NYC's mayoral race features a candidate for every type of voter
How broken-windows policing could've saved Rosalee Sanchez's life
How I survived a year in a weird and empty Manhattan
New Yorkers can still stop city's plan to shutter Rikers amid a crime spree
NY should use Biden Bucks to give restaurants and retailers a tax holiday
$200 billion, $2.2 trillion, $900 billion, $1.9 trillion. Over a year, Congress has passed $5.2 trillion in extraordinary spending — and President Biden wants another $3-4 trillion, split between infrastructure and social spending.
When a “normal” federal budget, pre-COVID, was $4.4 trillion, and with borrowing, not taxes, funding nearly half of federal spending, it’s not crazy to ask how much is too much, before we risk huge inflation.
“Modern monetary theory” is a trendy philosophy — AOC is a fan — that holds that the government can spend as much money as it wants. Drinks all around! Even if bondholders don’t feel like lending to us to make up the difference in spending and revenues, the Federal Reserve can create new money through “keystrokes,” argues the first-ever MMT textbook, published in 2019.
The Fed has been doing that. In early 2008, the amount of money available in the U.S. economy was $7.5 trillion. By 2012, it had risen to more than $10 trillion. Much of this was the Fed printing electronic dollars, to encourage people to spend after the economy crashed: the Fed “grew” its own holdings from less than $1 trillion to more than $3 trillion.
(This may sound confusing, but it is no different than if you received a bank statement listing the amount of money in your checking account, didn’t like it, and so took a pen and added some zeroes.)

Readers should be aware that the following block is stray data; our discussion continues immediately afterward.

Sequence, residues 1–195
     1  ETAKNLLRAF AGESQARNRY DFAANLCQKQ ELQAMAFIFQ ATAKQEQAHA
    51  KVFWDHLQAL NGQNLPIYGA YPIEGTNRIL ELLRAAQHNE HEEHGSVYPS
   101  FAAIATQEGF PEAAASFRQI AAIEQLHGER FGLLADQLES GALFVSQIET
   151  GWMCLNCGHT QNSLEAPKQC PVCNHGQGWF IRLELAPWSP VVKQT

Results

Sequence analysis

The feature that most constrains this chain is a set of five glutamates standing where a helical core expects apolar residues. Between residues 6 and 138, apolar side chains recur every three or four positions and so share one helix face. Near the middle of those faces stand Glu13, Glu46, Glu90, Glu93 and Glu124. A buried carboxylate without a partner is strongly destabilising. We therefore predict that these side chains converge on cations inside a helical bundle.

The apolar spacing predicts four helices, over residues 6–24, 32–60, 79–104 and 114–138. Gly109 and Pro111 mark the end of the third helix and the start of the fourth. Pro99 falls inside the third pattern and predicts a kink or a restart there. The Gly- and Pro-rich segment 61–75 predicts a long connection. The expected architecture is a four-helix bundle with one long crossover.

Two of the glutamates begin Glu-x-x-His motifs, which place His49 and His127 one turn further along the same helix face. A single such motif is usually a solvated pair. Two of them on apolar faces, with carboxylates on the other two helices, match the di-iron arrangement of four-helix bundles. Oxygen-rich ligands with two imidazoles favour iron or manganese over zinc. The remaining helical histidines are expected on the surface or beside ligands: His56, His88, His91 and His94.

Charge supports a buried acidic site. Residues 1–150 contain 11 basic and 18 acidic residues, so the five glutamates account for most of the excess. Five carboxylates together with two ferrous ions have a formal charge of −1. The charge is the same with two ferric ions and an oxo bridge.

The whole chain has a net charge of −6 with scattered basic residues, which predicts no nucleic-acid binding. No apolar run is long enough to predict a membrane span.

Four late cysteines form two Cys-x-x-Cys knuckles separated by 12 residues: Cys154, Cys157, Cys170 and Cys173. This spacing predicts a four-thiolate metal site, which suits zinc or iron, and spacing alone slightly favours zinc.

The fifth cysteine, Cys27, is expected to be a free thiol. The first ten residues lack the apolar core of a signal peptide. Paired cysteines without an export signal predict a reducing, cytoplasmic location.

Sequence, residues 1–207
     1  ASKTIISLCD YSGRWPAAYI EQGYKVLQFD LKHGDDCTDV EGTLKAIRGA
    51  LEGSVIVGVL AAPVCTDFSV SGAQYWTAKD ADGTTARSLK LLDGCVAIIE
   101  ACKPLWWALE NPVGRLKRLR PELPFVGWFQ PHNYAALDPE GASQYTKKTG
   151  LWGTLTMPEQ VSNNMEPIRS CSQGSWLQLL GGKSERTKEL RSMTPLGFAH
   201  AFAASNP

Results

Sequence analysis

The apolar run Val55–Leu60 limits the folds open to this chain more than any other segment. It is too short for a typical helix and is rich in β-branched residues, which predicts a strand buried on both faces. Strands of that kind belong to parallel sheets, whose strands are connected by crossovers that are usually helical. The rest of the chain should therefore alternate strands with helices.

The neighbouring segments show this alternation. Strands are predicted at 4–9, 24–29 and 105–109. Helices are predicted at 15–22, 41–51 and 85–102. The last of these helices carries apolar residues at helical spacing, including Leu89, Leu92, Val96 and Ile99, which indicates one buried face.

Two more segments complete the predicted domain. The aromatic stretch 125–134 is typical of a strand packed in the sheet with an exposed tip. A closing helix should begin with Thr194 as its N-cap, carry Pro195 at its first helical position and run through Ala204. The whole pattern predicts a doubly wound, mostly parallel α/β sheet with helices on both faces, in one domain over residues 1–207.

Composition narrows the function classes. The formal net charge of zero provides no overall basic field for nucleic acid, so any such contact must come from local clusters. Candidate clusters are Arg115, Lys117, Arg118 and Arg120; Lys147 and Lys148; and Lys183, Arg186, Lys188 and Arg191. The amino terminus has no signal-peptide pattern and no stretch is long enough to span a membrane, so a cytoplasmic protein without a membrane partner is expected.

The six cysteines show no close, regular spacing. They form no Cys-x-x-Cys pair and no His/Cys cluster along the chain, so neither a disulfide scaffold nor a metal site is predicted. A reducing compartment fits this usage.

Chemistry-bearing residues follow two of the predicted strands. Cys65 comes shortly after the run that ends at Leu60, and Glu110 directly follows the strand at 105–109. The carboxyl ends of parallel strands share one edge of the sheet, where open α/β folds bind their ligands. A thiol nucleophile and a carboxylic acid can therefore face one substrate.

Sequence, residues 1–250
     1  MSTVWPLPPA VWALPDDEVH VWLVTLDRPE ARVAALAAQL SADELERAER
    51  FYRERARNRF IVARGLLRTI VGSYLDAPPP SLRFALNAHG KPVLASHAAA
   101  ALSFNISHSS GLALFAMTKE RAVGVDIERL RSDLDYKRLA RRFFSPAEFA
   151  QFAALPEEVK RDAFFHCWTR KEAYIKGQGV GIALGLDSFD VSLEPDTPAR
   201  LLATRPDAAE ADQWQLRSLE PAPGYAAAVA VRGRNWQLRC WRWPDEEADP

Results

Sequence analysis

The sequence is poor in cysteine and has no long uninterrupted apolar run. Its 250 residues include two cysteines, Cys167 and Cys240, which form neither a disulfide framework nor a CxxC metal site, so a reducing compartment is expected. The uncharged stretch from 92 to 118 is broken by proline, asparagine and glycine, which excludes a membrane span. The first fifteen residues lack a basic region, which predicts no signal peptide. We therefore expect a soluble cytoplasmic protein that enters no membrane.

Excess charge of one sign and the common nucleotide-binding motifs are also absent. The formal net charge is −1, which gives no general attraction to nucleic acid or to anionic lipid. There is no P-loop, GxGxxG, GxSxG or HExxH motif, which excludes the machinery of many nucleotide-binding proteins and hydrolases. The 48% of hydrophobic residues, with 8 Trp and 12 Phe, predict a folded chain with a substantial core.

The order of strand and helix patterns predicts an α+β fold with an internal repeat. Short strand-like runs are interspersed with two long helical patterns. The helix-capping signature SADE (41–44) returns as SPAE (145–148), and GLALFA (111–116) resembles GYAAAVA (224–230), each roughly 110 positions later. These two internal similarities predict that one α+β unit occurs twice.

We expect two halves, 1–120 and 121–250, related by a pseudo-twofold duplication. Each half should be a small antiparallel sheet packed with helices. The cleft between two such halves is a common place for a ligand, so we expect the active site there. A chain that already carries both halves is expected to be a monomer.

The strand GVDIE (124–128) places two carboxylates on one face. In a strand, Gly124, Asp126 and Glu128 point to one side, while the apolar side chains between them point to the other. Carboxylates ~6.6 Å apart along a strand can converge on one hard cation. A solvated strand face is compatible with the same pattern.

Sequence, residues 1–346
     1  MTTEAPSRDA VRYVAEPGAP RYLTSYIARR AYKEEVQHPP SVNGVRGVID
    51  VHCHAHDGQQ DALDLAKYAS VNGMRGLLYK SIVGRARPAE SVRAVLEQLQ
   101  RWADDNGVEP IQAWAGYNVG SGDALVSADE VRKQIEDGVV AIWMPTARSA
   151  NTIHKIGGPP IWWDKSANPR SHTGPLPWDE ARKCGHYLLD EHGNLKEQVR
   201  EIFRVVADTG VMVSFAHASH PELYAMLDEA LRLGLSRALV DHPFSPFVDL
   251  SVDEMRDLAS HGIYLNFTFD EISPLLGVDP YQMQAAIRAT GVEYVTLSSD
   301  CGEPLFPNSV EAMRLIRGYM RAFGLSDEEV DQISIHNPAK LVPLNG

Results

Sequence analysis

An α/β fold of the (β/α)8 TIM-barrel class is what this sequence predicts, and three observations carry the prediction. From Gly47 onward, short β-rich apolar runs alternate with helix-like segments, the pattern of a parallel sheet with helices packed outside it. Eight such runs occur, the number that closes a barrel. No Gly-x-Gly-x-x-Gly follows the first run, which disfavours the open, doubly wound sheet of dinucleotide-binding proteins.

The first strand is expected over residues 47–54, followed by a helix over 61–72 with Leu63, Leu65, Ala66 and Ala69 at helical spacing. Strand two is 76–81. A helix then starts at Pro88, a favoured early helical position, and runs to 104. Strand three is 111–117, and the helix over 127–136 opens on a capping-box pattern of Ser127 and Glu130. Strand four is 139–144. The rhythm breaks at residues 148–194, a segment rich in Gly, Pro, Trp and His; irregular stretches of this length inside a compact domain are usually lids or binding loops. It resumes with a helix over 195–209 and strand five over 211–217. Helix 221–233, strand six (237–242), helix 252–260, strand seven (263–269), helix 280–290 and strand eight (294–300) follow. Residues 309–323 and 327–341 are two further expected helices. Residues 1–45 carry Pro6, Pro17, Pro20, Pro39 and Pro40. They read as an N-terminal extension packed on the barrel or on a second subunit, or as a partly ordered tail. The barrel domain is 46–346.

That didn’t cause inflation (sort of), so why should this?
But this time is different. In a year, the Fed has nearly doubled its own holdings (again, that pen!) from $4 trillion to $7.7 trillion. Money in the U.S. economy has risen from $15.4 trillion to $19.7 trillion, partly because people who have kept their jobs have so little to spend on, with travel and entertainment off limits.
People who lost jobs need relief. But relief is different from hosing the economy with cash.
The danger of too much spending is that it doesn’t create productive goods or services; it just makes things cost more. That’s especially true because, when the economy opens up, people will spend the money they’ve saved — they’re already searching for plane flights.
As people can go places, they’ll use stimulus to bid up the price of travel, or a restaurant meal. It’s theoretically great if the flight attendant or the waiter get paid more, but they will also pay more for rent and gas.
What about infrastructure, Biden’s new multi-trillion-dollar push? We need better, faster trains, and dams that don’t break.
Obama spent $60 billion a year on infrastructure, so why not spend $500 billion a year, as the Biden plan reportedly proposes? Why not spend $500 trillion?
This could mean classic inflation: too much money chasing too few goods. Windmills need huge amounts of steel or fiberglass; burrowing tunnels requires specialized machines and experienced or trained workers. The price of key commodities such as copper is soaring, on the expectation of higher demand.
The academic version of modern monetary theory actually warns against inflation. Inflation “is a real danger,” wrote economist Stephanie Kelton in her MMT book. But the politicians haven’t read the fine print — or don’t really care.
Nicole Gelinas is a contributing editor to the Manhattan Institute’s City Journal.
Share this article:
Source: Read Full Article